'Tis Not The Season: CRE Laments Loss Of Holiday Party Circuit
For the last 25 years, the holiday bash thrown by the real estate group at law firm Fried Frank Harris, Shriver & Jacobson has been a mainstay of New York City real estate's social scene, known for attracting the who’s who of industry identities.
But this year there will be no gathering at the Cipriani on 42nd Street for the extravagant celebration — just as there will be no packed-out International Council of Shopping Centers conference after-parties, boozy developer holiday celebrations or broker events.
The winter real estate party calendar, which is usually awash with events to toast the year’s wins and losses, form and solidify relationships and push deals forward, is officially canceled.
“Our whole business is relationships and information,” Compass retail broker Robin Abrams said. “It is in keeping with everything being more challenging. … It’s harder to stay in touch because you are not going to these events, not seeing 10 people at once.”
With all gatherings of more than 10 people currently banned under state law, even the fate of the Real Estate Board of New York’s annual banquet in January is uncertain, though a spokesperson for REBNY said no decision has been made and options are still being discussed.
For many in the industry, the loss of the season is both an emotional and financial blow, and it means they will have to think more inventively than ever to find something to replace the annual hobnobbing. CRE players will resort to virtual events, cold calling clients and finding creative ways to stay in touch to fill the gap.
But many are mourning what the parties provide, and say it is particularly hard on junior members of the industry who have not yet formed crucial alliances.
“I have people tell me that they have it on the calendar a year ahead of time,” said Fried Frank Real Estate Department Chairman Jonathan Mechanic, who hosts his department’s party each year.
“There are thousands of major deals that come out of that party, the number of people that say they ran into someone and that turned into a joint venture, sale or financing," he said. "Everybody comes, the whole industry shows up.”
Twenty-five years ago, the party was held in one room at storied Manhattan speakeasy the 21 Club, Mechanic said. Soon the guest list had grown so much it was moved to the St. Regis.
More than 1,000 people now gather every year in the swanky event space at Cipriani across from Grand Central, "through good times and bad times." But 2020 is the first time since its inception Fried Frank won't be throwing its party.
“This one we just couldn’t do,” said Mechanic, adding 2008 was his favorite party year because people were happy to be out amid the Great Financial Crisis. “We think this is a one-year hiatus.”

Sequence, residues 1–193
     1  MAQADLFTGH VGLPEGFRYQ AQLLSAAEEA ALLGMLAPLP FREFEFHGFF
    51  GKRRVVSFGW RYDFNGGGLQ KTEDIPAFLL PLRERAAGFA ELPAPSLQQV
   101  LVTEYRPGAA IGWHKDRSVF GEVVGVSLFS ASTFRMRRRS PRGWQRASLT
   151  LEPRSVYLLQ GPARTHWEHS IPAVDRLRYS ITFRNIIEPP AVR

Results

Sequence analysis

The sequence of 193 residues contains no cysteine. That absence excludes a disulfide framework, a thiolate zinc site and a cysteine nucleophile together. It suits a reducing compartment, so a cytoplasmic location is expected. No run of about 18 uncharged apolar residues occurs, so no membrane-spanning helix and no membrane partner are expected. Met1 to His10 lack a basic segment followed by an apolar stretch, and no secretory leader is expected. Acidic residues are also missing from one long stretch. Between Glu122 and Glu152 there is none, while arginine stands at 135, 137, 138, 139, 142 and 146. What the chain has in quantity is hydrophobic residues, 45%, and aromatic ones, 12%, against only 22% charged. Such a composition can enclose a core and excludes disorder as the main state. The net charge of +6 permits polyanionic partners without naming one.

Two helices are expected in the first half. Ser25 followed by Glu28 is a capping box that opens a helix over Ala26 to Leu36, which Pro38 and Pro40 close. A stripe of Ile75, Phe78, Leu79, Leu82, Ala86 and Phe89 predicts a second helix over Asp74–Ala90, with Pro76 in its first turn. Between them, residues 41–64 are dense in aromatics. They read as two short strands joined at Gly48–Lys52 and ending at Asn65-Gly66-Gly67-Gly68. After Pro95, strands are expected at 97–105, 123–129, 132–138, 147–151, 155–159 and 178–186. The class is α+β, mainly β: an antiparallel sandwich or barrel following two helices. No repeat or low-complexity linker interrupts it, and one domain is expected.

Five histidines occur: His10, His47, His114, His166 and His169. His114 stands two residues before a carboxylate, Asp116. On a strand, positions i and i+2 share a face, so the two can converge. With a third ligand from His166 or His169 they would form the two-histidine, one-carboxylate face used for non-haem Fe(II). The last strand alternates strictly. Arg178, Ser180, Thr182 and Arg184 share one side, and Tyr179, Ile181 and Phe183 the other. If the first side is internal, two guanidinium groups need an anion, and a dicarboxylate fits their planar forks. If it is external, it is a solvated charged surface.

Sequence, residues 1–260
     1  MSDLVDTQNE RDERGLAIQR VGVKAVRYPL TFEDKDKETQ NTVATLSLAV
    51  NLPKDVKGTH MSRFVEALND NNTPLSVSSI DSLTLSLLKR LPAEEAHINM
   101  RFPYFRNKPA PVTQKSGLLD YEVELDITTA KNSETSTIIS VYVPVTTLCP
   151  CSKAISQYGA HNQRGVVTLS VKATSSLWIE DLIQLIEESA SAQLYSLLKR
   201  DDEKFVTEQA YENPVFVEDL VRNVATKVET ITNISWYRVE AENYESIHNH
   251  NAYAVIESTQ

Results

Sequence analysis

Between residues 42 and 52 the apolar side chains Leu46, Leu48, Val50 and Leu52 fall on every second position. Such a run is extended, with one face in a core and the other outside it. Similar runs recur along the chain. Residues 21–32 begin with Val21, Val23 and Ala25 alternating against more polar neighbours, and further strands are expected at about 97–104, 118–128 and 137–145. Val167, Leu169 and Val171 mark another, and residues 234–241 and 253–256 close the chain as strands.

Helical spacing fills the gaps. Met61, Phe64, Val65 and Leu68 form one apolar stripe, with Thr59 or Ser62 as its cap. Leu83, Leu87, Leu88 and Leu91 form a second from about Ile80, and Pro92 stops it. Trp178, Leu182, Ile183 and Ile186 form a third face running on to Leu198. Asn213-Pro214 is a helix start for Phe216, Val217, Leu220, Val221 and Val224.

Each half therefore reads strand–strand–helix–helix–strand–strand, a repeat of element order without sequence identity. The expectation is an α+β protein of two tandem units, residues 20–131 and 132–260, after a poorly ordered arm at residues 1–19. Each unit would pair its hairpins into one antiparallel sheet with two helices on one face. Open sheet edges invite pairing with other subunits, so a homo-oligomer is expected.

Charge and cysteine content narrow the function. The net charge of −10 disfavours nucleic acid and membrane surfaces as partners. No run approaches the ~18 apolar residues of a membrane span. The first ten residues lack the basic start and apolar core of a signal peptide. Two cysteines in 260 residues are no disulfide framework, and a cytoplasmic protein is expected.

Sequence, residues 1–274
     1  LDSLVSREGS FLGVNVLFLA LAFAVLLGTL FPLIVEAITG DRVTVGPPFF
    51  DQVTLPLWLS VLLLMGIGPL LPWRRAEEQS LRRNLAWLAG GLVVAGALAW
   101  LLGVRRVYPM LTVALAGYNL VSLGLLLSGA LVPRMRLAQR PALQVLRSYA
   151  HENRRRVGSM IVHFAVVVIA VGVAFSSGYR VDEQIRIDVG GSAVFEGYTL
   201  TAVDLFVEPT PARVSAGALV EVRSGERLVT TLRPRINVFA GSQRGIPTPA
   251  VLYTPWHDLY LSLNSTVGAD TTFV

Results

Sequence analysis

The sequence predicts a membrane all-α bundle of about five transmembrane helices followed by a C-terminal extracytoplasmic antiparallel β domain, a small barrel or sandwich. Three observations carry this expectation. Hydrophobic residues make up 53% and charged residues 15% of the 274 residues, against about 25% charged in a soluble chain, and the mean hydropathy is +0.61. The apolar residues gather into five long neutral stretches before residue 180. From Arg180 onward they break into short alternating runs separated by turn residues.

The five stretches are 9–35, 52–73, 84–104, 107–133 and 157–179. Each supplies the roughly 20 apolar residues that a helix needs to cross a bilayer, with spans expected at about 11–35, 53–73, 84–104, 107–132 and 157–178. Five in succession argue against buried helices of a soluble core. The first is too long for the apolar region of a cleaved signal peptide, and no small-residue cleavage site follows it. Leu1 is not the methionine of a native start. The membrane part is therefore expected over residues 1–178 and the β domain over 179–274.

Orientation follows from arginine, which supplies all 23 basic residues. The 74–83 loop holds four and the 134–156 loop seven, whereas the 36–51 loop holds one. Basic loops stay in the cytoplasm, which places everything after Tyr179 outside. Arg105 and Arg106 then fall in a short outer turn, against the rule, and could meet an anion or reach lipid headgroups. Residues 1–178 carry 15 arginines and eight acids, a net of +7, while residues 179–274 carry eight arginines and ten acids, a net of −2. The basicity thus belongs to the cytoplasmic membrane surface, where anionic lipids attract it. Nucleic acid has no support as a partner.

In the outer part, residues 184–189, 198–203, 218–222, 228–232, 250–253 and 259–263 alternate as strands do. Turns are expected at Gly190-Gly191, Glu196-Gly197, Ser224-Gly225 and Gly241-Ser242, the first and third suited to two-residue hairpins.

Like many in the industry, Mechanic has been trying to find new ways to keep relationships burning. He has been taking socially distanced walks with clients, played tennis and golf, and lunched outside. Most industry players admit, however, that the dearth of parties this year is a wrench in the gears of deal-making.
“It may not be a deal, but as important is seeing someone who says ‘David, great seeing you, let’s connect next week, I have an idea for you,’” Newmark New York Tri-State President David Falk said. “Over the last nine months, we’ve done broker functions virtually. It’s certainly better than nothing, but it’s not the same thing.”
Falk said he has managed to show properties and get hired onto jobs virtually, but there is nothing to truly replace the first two weeks of December, when Manhattan's social calendar and event venues are packed.
“This year, nothing will be in its place," he said.
It comes as brokers face a fiercely competitive landscape in which deals are increasingly hard to come by. In the third quarter, there were fewer than two dozen commercial real estate properties sold in New York City, which is the lowest level since the third quarter of 2009, according to Avison Young.
The projected overall office leasing volume for Manhattan in 2020, based on activity thus far, is expected to be roughly half what it was in 2019, per Colliers International. Many have predicted this year will see an exodus from the industry as a result of the tough conditions.
Abrams said she and her peers are working twice as hard to stay connected without the normal events and functions to keep things going. She noted she hasn’t heard of any online celebrations planned around the ICSC RECon virtual conference, which she finds surprising.
“You would think that you would see some people would do a remote Zoom or be sending a bottle of wine and a basket to clients' houses and have a [virtual] get-together,” she said.
JKS Events President Janeen Saltman, whose events company has organized multiple real estate events and holiday parties in the past, said she has pivoted to virtual events — but has not seen significant appetite for those offerings from the real estate industry.
“There may be some visual fatigue inside real estate,” she said. “They may be doing smaller events, like virtual poker games, they might be virtual wine tasting, Scotch tastings, things like that.”
Avison Young principal James Nelson said the screen fatigue is real, and he said the biggest impact is on the youngest members of the industry who are now missing out on the all-important time to mingle at events, meet people and find mentors.
“I’ve been really big on the webinars," Nelson said. "But people get Zoomed out, so we are trying to mix those up."
He has been to the online poker events, virtual wine tastings and other types of socially distanced events from isolation, but admits there is nothing like in-person interaction.
“It’s definitely challenging, we want to be able to see everybody and unfortunately we can’t,” he said. “Really, I feel the worst for the juniors in the business … but we are all trying to get by the best we can.”